UK consumer confidence plunged to its lowest level in at least 48 years after the rising cost of living made locals more pessimistic about the energy crisis of the 1970s and the recession that lasted for more than a decade due to subprime mortgages and the bursting of the financial bubble. The UK’s GfK Consumer Confidence Index reached a new low of -40 in May 2022, surpassing the previous record of -39 set in July 2008 amid growing concern over the cost of living crisis. “This means that consumer confidence is now weaker than it was in the dark days of the global banking crisis, the impact of Brexit on the economy and the lockdowns due to Covid,” said Joe Staton, director of customer strategy at GfK, candidly.
The data is at its lowest level since 1974, the beginning of the confidence record
This heavy figure comes three months after the Russian invasion of Ukraine, which sent gas and oil prices up, as well as prices of basic foodstuffs. Sentiment fell by two points to -40, according to data recorded by GfK, the lowest level since records began in 1974. Adding to pressure is the Treasury Secretary, Rishi Sunak, to help those who suffer the most. England thinks it will move cautiously in raising interest rates further. However, Bank of England Governor Andrew Bailey recently warned that rising food costs could have “doomsday” consequences.
BofA: The confidence index has always predicted a recession for the past 50 years
Economists had warned markets in April, when the index fell to -38, that such a low reading was consistent with the British economy falling into recession, with sentiment going hand-in-hand with UK GDP for the past 50 years. “This correlation is consistent with many economic crises and shocks, from the stagflation of the 1970s to the financial crisis,” wrote Robert Wood, a British economist at Bank of America. “Consumer confidence is important because it provides a reliable and timely signal.” UK inflation rose to 9% in April, the highest level since the early 1980s, a figure that puts households in difficulty due to mounting pressures linked to rising energy bills, prices, the history of petrol and the cost of shopping.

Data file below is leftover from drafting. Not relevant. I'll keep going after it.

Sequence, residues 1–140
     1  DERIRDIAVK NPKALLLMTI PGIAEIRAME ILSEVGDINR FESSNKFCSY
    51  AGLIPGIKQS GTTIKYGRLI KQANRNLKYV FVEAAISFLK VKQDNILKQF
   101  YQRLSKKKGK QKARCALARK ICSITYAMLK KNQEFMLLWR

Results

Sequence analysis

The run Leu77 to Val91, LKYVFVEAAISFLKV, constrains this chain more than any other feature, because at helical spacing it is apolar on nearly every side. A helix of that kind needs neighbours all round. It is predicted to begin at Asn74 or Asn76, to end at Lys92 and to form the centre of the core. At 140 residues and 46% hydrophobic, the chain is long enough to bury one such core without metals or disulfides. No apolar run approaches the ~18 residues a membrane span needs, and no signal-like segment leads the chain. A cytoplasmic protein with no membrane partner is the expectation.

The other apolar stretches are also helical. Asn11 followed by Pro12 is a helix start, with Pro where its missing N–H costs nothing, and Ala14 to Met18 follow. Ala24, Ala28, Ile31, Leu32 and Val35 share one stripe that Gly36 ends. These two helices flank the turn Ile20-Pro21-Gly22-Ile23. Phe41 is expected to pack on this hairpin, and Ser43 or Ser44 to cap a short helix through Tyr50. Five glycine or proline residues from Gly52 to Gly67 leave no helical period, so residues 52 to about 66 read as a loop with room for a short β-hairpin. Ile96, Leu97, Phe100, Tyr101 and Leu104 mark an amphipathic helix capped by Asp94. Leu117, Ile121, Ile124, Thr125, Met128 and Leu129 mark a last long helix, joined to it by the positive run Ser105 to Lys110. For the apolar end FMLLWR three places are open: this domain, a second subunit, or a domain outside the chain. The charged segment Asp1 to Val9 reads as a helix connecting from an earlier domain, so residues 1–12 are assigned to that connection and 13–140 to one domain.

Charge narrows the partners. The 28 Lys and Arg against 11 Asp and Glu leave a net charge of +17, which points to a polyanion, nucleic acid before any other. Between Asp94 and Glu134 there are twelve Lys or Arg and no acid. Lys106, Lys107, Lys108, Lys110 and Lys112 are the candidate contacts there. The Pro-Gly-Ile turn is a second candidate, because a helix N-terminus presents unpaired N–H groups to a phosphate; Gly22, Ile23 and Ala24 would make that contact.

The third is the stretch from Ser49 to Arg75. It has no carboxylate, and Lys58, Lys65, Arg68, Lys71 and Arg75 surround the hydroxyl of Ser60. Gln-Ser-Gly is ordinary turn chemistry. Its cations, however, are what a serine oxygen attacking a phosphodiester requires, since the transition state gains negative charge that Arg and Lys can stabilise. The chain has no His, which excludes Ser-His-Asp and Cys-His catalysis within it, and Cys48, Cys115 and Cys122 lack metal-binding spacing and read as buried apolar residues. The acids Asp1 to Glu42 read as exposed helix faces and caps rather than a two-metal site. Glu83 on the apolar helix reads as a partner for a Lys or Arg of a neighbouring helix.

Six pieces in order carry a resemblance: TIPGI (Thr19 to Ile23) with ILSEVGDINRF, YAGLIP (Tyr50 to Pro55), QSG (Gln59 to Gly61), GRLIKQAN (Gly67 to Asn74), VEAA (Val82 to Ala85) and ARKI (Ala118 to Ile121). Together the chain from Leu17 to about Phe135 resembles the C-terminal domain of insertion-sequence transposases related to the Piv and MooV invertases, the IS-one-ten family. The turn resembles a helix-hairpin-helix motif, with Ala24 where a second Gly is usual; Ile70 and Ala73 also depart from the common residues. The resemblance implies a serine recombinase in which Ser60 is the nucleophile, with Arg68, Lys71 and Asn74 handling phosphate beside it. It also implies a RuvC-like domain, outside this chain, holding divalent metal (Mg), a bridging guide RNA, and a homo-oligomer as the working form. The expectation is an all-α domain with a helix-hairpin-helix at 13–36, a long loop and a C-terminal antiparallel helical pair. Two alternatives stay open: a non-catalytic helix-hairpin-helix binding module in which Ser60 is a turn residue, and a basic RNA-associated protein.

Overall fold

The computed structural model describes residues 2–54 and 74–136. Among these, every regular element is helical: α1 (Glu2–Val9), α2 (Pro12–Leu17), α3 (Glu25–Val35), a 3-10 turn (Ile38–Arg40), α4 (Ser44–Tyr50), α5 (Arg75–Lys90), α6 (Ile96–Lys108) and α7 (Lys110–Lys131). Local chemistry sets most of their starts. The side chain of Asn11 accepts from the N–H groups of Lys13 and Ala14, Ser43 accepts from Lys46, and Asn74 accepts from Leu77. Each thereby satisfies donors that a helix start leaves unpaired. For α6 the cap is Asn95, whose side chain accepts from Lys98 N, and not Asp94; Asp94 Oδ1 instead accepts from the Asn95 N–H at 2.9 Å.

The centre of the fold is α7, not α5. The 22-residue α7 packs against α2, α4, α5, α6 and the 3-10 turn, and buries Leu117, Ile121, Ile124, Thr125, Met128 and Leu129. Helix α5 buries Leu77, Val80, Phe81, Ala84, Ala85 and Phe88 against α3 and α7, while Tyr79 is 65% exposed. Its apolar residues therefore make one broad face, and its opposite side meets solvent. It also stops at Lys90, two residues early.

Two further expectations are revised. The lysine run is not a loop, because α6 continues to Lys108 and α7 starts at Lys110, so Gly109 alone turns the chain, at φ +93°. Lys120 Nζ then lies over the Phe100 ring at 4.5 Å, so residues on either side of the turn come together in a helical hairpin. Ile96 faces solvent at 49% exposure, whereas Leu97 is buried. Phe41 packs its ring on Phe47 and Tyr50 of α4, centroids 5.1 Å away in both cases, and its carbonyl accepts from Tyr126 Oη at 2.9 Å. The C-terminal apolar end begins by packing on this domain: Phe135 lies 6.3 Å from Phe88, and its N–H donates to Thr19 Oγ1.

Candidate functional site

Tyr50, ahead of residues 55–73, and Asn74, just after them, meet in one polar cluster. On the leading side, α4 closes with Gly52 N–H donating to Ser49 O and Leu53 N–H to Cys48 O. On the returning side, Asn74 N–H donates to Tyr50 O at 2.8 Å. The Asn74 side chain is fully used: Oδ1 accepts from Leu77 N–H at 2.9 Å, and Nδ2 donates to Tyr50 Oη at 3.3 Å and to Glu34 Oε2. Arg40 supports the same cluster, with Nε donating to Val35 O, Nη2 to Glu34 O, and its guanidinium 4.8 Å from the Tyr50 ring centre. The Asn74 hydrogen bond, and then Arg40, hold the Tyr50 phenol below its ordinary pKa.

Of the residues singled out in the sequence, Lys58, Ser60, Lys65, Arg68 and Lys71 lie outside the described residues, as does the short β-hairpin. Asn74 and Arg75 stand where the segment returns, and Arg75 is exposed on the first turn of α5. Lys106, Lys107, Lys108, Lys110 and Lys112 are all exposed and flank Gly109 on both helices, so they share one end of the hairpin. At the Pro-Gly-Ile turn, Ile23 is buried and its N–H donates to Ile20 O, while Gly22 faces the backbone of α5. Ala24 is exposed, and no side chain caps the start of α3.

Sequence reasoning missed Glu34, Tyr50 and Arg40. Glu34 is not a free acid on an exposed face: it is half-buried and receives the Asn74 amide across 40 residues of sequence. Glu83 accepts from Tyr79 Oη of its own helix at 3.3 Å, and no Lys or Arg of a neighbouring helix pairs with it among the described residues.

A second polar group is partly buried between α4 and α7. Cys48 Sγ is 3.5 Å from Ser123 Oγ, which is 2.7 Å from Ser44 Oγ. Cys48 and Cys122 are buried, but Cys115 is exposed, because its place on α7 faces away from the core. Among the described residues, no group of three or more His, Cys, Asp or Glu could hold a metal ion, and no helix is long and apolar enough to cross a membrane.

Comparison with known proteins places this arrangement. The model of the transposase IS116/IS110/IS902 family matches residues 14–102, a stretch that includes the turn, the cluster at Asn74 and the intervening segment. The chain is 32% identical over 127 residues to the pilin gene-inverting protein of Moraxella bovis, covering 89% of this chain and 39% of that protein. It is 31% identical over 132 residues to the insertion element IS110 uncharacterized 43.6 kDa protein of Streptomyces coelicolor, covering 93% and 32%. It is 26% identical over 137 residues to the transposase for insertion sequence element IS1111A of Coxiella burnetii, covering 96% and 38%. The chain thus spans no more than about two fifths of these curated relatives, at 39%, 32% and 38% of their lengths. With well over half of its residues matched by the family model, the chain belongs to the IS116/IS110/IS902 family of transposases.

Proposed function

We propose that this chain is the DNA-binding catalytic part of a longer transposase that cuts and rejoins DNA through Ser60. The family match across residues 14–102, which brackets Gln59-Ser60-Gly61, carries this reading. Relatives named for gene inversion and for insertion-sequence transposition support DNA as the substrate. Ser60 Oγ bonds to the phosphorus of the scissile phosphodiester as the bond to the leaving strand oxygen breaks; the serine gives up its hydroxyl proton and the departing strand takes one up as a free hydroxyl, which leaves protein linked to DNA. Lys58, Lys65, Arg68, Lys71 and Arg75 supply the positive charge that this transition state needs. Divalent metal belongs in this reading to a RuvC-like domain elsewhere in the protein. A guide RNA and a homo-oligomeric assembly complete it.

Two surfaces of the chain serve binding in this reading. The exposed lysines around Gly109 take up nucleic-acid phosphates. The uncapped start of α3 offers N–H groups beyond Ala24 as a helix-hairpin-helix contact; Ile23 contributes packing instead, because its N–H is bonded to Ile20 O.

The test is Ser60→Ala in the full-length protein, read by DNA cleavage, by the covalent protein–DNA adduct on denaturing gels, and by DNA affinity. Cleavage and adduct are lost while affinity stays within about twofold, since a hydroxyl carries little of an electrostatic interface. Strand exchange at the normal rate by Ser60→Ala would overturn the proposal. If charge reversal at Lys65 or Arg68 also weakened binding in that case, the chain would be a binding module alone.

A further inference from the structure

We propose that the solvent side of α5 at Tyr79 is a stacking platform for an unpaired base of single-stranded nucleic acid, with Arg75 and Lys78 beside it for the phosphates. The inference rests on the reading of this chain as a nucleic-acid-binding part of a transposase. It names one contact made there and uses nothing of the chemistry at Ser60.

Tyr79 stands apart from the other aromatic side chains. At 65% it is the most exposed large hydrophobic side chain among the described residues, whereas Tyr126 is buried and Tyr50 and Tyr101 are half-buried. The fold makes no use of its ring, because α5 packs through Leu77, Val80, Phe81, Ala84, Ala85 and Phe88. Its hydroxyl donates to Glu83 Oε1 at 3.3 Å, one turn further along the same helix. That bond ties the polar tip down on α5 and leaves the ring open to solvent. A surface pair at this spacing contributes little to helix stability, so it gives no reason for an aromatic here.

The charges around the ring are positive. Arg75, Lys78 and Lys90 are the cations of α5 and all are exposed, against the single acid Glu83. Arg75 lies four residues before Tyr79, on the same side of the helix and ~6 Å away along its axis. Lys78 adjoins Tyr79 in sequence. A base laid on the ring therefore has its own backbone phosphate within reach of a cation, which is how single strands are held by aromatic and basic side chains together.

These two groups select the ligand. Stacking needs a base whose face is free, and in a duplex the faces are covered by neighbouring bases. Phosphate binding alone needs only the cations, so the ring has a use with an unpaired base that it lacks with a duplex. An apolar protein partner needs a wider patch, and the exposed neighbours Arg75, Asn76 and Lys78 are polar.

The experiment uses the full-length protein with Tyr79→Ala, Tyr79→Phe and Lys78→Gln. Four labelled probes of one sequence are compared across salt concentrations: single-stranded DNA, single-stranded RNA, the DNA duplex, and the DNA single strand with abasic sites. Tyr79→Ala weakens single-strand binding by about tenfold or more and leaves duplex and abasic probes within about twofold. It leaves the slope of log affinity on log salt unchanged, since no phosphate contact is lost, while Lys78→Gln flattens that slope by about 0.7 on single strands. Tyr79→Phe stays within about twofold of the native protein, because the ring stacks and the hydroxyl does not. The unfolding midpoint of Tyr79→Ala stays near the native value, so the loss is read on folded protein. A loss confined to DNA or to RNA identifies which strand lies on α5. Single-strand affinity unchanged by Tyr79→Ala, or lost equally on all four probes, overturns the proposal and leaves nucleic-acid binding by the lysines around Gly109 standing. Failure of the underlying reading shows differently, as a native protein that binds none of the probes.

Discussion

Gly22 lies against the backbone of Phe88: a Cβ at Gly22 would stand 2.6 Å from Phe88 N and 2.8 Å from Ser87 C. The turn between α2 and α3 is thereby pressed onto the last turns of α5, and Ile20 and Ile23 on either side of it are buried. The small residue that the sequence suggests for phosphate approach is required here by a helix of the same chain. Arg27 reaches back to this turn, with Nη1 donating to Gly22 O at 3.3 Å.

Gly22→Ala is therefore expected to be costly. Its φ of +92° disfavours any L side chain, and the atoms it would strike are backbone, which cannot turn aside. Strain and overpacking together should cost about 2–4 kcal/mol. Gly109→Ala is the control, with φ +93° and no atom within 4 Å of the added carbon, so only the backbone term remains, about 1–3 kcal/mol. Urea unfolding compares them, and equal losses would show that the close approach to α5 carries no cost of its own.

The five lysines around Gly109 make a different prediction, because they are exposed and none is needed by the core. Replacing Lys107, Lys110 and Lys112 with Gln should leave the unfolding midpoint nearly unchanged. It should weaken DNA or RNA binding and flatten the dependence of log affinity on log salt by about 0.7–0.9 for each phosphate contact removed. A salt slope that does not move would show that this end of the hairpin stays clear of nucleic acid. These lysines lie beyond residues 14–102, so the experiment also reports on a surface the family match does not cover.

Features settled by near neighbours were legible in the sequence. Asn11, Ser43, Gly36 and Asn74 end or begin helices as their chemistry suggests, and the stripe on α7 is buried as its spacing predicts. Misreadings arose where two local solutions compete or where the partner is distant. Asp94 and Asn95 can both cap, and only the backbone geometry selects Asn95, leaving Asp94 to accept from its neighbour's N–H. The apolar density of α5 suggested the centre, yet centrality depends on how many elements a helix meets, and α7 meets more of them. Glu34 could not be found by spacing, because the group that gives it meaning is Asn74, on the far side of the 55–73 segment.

Bank of England: With inflation approaching 10%, the economy is not holding up
Official data shows that retail sales fell more than expected in March and did not stop, and the decline in spending continued in April as households grappled with a record 54% increase in utility bills for gas and electricity. The Bank of England itself warned earlier this month that the British economy was at greater risk of recession as inflation approaches 10%.
Consumer pessimism was most evident in people’s views of the economy in general, with the GfK index at -63 last year and -56 the following year. 26% of British companies indicated that cost increases were their main concern this month, compared to 24% in April 2022, while 20% of survey respondents said the increase in energy prices was their biggest concern. Joe Staton, from GfK, added that “the Bank of England is also pessimistic…the outlook on consumer confidence is bleak and there is nothing on the horizon to suggest any reason for optimism anytime soon.” (All rights reserved)
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